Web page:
Georgia Domestic Violence Project Fatality Review Project – Executive Summary – The Georgia Domestic Violence Fatality Review Project (the Project) critically examines the circumstances that precede domestic violence-related homicides by identifying systemic gaps in service delivery to victims and perpetrators, and putting forth recommendations for change. Over the past 12 years, the Project’s analysis has revealed gaps in services, policies, practices, training, information sharing, communication, collaboration, and resources. Concentration has been placed on identifying gaps prior to the homicide, as well as recommendations, which, if addressed, could have a significant impact on the lives of domestic violence victims and reduce the number of domestic violence-related deaths in Georgia.

The focus of the Project has broadened as we continue to learn about the gaps in service delivery that exist after a homicide occurs. Through in-depth fatality reviews, we have interviewed numerous family members and friends of domestic violence homicide victims who have provided us with some of the most valuable insights into the experiences of the deceased. We have learned intimate details about families who are torn apart: often we hear of loving mothers (sisters and daughters) who were navigating an abusive relationship; children (nieces and nephews, grandchildren) with promising futures; and men (brothers and sons), who were once loving fathers and husbands, who killed their wives and families. These interviews have also given us a window into the profound, enduring pain of a family’s loss as they try to pick up the pieces and carry on without their loved one(s). We also learn about the vast numbers of grieving aunts, uncles, sisters, brothers, mothers, fathers, sons, and daughters facing every holiday, every birthday, and every family gathering without their loved one.

While families lose so much from these tragedies, our society loses much as well. The ripple effects span entire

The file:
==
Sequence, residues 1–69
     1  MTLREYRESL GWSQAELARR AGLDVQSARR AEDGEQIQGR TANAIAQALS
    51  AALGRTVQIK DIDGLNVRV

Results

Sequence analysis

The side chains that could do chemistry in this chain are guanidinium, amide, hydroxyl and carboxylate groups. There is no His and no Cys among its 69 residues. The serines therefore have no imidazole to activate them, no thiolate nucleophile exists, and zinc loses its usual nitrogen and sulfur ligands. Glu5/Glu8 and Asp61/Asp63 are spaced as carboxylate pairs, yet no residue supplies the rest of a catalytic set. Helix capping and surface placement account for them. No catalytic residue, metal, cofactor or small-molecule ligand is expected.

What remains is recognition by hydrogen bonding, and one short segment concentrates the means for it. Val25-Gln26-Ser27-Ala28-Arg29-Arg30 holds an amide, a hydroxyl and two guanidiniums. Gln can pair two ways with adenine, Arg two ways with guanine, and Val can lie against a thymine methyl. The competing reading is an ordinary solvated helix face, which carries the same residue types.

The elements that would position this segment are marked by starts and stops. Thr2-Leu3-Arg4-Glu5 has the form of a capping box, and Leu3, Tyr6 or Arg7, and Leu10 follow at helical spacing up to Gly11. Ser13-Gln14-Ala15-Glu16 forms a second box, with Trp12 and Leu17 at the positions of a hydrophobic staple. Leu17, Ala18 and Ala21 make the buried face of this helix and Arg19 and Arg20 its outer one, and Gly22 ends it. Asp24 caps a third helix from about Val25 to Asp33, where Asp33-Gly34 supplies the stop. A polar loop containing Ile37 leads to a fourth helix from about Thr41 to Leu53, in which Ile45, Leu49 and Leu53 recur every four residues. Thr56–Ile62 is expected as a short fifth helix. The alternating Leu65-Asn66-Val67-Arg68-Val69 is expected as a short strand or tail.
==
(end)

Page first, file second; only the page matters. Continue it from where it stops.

communities–we lose women and men who were co-workers and friends, families who were part of faith communities, and children who were schoolmates. Media reports that follow these tragedies often convey a community’s sense of shock
and an outpouring of love, support, and memories of those lost. As time passes and media coverage fades, we do not
usually hear about what happened to the family and children who survived. Even through our fatality review process, we
often do not know what happened to these surviving children and we certainly cannot measure the long-term, lasting
impacts the tragedy of losing a parent will have on their lives.

Over the last two years, the Project’s annual reports have highlighted 10 key findings from the first 10 years of the Project. In 2013, we explored these findings in depth, providing essays on each topic supported with vignettes to give specific examples of how we saw these findings in the cases we reviewed. We then provided strong recommendations by system to address these findings. In 2014, we offered examples of communities implementing innovative and promising projects based on recommendations from fatality review cases. In this year’s report, we dive deep into one of the key findings from our Project and a particularly compelling aspect of domestic violence: children exposed to domestic violence.

In early 2015, the Project was contacted by a woman named Trisha* after she searched the internet for her mother’s name and discovered her mother’s death was one of the first cases reviewed by the Project.

Trisha, who was only 14 years old when she lost her mother, was in the process of piecing together the events of her childhood and was hopeful we could help her fill in the gaps of what happened to her mother. We quickly realized Trisha knew more than we did about her mother’s life and untimely death. We also learned more details about Trisha’s life, including what happened to her family after her mother’s death, and Trisha’s own journey to escape an abusive relationship as an adult.